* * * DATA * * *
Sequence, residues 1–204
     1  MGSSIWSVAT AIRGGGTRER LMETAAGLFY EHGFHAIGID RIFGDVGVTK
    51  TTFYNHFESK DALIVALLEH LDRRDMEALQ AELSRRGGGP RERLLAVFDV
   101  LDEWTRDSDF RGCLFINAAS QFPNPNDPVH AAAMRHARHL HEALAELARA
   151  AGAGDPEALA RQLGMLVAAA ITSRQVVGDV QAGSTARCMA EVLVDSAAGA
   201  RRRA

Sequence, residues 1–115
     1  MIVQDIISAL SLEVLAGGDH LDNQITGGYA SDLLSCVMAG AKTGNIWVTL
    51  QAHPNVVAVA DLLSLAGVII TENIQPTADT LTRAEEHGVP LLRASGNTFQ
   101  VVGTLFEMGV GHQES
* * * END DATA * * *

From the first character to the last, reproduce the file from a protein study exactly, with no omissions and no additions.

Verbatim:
Sequence, residues 1–204
     1  MGSSIWSVAT AIRGGGTRER LMETAAGLFY EHGFHAIGID RIFGDVGVTK
    51  TTFYNHFESK DALIVALLEH LDRRDMEALQ AELSRRGGGP RERLLAVFDV
   101  LDEWTRDSDF RGCLFINAAS QFPNPNDPVH AAAMRHARHL HEALAELARA
   151  AGAGDPEALA RQLGMLVAAA ITSRQVVGDV QAGSTARCMA EVLVDSAAGA
   201  RRRA

Sequence, residues 1–115
     1  MIVQDIISAL SLEVLAGGDH LDNQITGGYA SDLLSCVMAG AKTGNIWVTL
    51  QAHPNVVAVA DLLSLAGVII TENIQPTADT LTRAEEHGVP LLRASGNTFQ
   101  VVGTLFEMGV GHQES